One of the most grown-up review sites around

51,000 reviews
and more.. and still writing ...

Search MusicWeb Here



International mailing

  Founder: Len Mullenger             Editor in Chief: John Quinn               Contact Seen and Heard here  

Some items
to consider


colourful imaginative harmony
Renate Eggebrecht violin

Brahms Symphony 3
Dvorak Symphony 8
9 cello sonatas
Piano Music

Clara Schumann
piano concerto

Asmik Grigorian

Breathtaking Performance
controversial staging
Review Westbrook
Review Hedley n/a
Every lover of Salome should see this recording
Mullenger interpretation

Vraiment magnifique!

Quite splendid

Winning performances

Mahler Symphony 8
a magnificent disc

a huge talent

A wonderful disc

Weinberg Symphonies 2 & 21
A handsome tribute!

Roth’s finest Mahler yet

Mahler 9 Blomstedt
Distinguished performance


REVIEW Plain text for smartphones & printers

We are currently offering in excess of 51,000 reviews

Advertising on

Donate and keep us afloat


New Releases

Naxos Classical

Nimbus Podcast

Obtain 10% discount

Special offer 50% off
15CDs £83 incl. postage

Musicweb sells the following labels

Altus 10% off
Atoll 10% off
CRD 10% off
Hallé 10% off
Lyrita 10% off
Nimbus 10% off
Nimbus Alliance
Prima voce 10% off
Red Priest 10% off
Retrospective 10% off
Saydisc 10% off
Sterling 10% off

Follow us on Twitter

Subscribe to our free weekly review listing

Sample: See what you will get

Editorial Board
MusicWeb International
Founding Editor
Rob Barnett
Editor in Chief
John Quinn
Seen & Heard
Editor Emeritus
   Bill Kenny
MusicWeb Webmaster
   David Barker
Jonathan Woolf
MusicWeb Founder
   Len Mullenger

Support us financially by purchasing this disc from
Wolfgang Amadeus MOZART (1756-1791)
Horn Concertos: B flat, K417; E flat, K495; E flat, K447; D, K 412/514 (with completions by Süssmayr and Roberts); E, K494a (fragment, partly orch. Montgomery); E flat, K370b/K371 (reconstructed Roberts).
Roger Montgomery (natural horn)
Orchestra of the Age of Enlightenment/Margaret Faultless (violin)
rec. live, Queen Elizabeth Hall, London, 25 October 2012

This is, to put it mildly, a crowded field, at least in the main four concertos. Dennis Brain with Karajan holds the crown and probably will do for all of recorded time. That's not to say that there isn't room for more. Old schoolers may prefer the more raucous Alan Civil (ASMF/Marriner - he also recorded them with Klemperer) or Barry Tuckwell, in various versions including Alto and Eloquence. The valveless list begins in 1974 with the mighty Hermann Baumann (Concentus Musicus Wien/Harnoncourt on Teldec).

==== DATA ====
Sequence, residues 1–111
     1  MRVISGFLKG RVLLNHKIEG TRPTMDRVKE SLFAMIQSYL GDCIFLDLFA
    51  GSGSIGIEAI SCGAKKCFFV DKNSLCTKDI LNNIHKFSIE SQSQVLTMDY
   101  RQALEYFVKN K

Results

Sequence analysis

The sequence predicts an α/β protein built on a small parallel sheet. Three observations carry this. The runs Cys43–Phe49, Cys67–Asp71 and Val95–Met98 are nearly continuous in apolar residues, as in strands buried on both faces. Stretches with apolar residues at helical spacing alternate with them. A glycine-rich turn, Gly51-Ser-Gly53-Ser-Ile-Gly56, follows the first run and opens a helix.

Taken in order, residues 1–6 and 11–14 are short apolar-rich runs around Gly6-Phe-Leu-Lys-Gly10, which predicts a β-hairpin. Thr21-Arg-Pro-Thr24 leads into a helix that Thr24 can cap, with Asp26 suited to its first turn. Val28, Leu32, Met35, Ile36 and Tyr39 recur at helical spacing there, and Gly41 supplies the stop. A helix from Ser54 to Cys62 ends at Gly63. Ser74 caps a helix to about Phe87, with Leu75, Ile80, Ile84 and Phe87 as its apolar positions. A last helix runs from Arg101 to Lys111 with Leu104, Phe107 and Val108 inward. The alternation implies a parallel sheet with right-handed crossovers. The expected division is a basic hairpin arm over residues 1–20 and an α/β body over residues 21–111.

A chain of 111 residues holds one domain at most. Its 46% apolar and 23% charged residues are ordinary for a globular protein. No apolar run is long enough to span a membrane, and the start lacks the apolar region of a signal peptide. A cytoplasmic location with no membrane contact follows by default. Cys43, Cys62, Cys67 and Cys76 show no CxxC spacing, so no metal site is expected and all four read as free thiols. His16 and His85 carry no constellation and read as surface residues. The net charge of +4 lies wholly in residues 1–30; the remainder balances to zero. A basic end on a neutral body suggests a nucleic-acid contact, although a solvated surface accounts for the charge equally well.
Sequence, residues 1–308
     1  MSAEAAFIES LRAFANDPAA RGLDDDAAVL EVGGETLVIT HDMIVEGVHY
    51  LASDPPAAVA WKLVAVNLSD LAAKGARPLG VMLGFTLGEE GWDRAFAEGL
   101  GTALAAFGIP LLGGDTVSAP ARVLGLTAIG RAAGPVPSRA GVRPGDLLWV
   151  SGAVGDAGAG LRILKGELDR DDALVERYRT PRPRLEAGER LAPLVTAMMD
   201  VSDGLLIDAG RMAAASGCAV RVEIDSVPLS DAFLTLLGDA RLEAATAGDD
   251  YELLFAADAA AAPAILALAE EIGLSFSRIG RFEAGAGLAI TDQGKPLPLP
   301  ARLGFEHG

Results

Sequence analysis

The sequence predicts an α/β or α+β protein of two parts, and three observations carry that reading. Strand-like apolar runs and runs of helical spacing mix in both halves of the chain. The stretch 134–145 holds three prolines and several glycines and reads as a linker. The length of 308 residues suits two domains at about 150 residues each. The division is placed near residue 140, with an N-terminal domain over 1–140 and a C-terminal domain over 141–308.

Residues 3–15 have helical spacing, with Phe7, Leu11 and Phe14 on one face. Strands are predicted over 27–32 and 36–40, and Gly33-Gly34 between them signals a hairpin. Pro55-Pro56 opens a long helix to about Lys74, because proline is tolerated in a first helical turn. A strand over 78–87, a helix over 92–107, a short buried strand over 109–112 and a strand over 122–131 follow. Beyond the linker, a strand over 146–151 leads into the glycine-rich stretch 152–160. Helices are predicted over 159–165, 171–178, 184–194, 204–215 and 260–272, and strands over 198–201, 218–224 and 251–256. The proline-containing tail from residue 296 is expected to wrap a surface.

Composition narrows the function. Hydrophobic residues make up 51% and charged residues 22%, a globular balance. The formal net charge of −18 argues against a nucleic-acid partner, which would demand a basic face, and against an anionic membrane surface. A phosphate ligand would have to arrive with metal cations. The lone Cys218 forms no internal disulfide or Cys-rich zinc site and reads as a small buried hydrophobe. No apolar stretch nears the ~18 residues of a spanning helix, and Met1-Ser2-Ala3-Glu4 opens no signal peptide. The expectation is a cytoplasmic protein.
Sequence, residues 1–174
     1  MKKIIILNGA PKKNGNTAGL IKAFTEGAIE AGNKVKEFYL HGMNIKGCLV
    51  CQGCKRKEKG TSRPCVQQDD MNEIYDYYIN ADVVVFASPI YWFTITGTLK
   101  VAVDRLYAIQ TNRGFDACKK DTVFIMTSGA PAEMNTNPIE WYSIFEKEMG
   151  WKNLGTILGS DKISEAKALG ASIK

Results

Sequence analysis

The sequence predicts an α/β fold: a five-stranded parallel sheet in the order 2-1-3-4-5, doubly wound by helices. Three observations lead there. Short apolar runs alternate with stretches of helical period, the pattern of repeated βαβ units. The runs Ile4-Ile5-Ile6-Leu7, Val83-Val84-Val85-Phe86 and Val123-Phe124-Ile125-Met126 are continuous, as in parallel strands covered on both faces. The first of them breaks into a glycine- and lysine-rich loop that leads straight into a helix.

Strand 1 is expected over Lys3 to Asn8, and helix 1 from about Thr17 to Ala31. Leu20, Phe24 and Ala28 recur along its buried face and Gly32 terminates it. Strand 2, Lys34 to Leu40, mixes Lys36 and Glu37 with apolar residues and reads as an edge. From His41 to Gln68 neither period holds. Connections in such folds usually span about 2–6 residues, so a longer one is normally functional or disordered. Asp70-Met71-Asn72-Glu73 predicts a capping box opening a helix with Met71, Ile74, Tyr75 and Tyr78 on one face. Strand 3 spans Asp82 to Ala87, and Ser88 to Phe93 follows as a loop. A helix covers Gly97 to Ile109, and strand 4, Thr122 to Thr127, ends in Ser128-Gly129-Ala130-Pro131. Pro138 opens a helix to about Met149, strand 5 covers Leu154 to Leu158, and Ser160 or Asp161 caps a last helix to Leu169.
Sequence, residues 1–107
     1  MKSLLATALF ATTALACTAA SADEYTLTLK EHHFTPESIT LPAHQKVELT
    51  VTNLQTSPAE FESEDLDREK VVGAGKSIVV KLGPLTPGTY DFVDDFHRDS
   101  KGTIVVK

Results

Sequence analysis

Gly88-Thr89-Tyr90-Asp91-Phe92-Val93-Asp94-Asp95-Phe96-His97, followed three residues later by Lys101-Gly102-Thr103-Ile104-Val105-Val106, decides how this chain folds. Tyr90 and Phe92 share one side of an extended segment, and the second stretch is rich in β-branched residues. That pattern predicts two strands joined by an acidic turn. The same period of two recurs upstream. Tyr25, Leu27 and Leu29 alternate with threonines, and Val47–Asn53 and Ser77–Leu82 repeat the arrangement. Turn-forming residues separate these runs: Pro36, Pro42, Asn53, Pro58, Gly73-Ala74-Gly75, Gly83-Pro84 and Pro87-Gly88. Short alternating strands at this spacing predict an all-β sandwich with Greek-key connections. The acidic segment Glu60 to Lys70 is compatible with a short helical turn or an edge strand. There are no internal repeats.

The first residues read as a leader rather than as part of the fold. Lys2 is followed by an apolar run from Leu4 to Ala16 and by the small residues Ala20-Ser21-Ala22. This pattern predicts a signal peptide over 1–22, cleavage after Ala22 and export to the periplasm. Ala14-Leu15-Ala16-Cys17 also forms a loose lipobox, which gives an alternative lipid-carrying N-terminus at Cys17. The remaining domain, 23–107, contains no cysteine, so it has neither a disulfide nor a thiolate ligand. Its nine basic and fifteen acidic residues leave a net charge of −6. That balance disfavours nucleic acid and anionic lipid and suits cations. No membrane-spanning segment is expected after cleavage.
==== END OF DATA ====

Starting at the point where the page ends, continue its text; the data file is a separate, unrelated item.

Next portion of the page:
Roger Montgomery, Principal Horn of the Orchestra of Enlightenment, loses nothing in technique to anyone, valved or otherwise. These are live performances, and the only way one can tell is in the spontaneity they exude. Accuracy is impeccable. I can only assume some patching was done after the event, but this is no bad thing.
Style is the keyword here. The orchestra plays impeccably - the orchestral exposition to the First Concerto furnished a sterling example. Montgomery's responses and declarations are eloquence personified. The sense of ease he brings to his delivery is the equivalent to that which Brain brought to the valve horn. Lip trills are astonishingly even and deft. The disc starts with the Second Concerto, which furnishes excellent examples. The attack to notes is perfectly judged.
Throughout, the brisk rondos appear as if freshly written. Stephen Roberts provides excellent booklet notes as well as an alternative completion to the finale of the First concerto (the one most often heard is by Süssmayr) and reconstructions of K370b and K371. This is clearly work of love as well as labour, as everything is impeccably, tastefully done.
The inclusion of the Fragment K494a is to be welcomed. The second movement of the final concerto we hear (E flat K370b/K371) is far more famous than the first and is deliciously delivered, full of suave touches and with a wonderful oboe counterpoint at one point.
Actually, the list of delights to be gleaned from this disc is endless. Most people will have one or more accounts of the Mozart horn concertos in their collections already, I would guess; this would make a perfect supplement, especially if the version already owned is performed on a modern instrument.
Colin Clarke